I am an NPR devotee. At home in Gig Harbor KUOW, 94.9 FM is the background of my life, meeting most of my needs for news and entertainment. Prairie Home Companion is a sort of religion for our family and the Weekend Puzzler is my husband’s touchstone of the week. I could go on and on about the NPR programming, but that’s not why I’ve come.
Overnight KUOW broadcast’s BBC’s Americanized World News Service. Originally they included the cricket scores which I enjoyed even though I cannot make heads nor tails of the game, but if I shut my eyes and listened I could imagine that I was not in my bed in Gig Harbor, but in an English country inn listening to the radio.
Listening to the BBC Radio gives Americans an opportunity to view ourselves from an outside point of view, from the view of cousins surely, but without some of the emotional attachment we feel to institutions and policies. Seeing ourselves as others see us is an important exercise personally and nationally. Not only that, but it’s a good idea to find out what is happening in the rest of the world from a source other than our networks and cable news. Listen to BBC and you’ll discover that although our dollar has not been faring well in comparison to the British pound or the Euro, Britain has economic problems of its own and banks like Bradford and Bingley are in as much trouble as WaMu.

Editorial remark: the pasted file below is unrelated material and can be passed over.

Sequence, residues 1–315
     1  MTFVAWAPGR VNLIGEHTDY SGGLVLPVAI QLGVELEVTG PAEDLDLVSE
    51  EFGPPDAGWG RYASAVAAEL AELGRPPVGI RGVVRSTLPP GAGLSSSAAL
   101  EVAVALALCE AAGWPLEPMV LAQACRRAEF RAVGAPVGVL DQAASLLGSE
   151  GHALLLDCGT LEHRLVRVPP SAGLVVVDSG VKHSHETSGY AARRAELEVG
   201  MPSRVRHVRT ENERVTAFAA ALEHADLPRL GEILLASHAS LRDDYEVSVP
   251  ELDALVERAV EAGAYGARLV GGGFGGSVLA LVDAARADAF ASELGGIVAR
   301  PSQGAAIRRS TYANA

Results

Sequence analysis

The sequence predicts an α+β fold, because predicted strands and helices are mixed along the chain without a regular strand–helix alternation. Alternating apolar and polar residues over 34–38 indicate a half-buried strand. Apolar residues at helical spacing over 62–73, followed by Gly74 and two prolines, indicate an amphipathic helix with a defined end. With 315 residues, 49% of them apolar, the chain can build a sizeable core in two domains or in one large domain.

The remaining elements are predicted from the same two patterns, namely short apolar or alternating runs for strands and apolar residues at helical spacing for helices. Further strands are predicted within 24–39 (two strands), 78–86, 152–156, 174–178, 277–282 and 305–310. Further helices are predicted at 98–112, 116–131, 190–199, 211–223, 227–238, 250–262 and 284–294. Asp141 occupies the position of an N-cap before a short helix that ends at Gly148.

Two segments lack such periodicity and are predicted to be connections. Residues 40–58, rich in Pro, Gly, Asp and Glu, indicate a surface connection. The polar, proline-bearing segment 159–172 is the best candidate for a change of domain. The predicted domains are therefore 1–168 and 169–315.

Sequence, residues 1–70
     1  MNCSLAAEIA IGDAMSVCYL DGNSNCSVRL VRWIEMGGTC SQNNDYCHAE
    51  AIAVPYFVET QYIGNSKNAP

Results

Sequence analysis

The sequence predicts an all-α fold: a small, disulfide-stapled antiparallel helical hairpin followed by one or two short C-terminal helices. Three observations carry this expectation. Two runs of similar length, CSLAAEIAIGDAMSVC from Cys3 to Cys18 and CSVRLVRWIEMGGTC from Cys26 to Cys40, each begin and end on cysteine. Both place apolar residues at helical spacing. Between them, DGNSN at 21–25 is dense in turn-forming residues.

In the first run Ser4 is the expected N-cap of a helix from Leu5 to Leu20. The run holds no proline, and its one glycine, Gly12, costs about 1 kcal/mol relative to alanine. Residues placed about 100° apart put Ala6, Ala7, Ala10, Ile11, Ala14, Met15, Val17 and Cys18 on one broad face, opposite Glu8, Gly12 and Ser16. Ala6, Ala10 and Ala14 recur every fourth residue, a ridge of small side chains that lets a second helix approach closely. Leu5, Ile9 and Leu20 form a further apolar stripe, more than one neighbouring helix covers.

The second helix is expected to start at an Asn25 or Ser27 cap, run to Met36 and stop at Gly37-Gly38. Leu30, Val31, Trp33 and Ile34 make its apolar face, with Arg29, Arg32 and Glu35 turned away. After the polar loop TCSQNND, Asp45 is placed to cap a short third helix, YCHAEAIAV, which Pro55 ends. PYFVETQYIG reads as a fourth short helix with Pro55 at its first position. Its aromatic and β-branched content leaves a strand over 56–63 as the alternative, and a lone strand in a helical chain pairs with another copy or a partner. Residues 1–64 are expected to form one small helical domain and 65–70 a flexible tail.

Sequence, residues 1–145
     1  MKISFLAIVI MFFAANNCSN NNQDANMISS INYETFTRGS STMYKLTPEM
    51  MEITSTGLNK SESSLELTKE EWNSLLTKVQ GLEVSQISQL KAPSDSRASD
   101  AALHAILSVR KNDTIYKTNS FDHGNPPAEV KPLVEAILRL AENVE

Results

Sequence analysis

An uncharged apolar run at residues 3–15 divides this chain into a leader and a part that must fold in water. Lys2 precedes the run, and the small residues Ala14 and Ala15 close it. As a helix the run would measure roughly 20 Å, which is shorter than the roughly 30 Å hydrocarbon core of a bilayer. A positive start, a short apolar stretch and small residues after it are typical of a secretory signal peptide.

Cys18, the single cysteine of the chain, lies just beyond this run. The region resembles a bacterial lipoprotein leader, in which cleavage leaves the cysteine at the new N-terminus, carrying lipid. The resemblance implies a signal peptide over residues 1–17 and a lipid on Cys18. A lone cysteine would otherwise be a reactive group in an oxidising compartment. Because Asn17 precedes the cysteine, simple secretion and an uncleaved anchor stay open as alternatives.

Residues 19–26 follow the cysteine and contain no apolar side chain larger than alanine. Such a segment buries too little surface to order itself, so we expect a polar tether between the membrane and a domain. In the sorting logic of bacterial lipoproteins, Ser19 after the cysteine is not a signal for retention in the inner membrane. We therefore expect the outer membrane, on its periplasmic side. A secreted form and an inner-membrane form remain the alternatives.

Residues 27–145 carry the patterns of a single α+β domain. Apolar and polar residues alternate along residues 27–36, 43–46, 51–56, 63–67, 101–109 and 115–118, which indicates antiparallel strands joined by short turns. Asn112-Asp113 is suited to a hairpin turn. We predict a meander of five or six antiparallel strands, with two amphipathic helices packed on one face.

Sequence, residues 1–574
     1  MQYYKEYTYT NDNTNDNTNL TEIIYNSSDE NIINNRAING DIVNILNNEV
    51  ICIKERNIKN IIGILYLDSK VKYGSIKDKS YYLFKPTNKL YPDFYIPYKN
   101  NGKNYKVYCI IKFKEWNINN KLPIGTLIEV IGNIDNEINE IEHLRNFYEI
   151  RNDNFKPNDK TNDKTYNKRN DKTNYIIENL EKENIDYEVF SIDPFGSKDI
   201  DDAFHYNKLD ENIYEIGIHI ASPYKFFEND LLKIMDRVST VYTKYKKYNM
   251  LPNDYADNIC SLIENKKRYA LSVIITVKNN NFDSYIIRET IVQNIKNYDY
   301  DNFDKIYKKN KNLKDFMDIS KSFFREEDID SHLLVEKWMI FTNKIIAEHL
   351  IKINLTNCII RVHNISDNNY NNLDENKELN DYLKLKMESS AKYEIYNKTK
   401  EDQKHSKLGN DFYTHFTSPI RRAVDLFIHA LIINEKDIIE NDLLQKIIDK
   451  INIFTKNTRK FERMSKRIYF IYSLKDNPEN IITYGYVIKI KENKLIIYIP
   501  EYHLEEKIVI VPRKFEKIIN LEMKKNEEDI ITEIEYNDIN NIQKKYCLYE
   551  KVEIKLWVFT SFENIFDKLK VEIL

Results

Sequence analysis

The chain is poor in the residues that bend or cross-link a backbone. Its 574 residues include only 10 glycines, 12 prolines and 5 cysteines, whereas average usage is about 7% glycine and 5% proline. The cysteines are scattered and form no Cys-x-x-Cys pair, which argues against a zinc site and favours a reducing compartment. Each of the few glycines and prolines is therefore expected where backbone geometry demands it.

It is true that American politics and economics effects the health of countries around the world, but there’s something insufferably conceited in the rest of the world being familiar with our culture and institutions and Americans’ complete oblivion when it comes to the lives and concerns of the rest of the world.
When I am away from home getting my BBC fix via NPR can be dodgy, but BBC Radio can be streamed in a myriad of languages. For fun you might try listening in Persian. It’s a lovely sounding language, but personally, I think that anything sounds lovely when communicated in a British accent.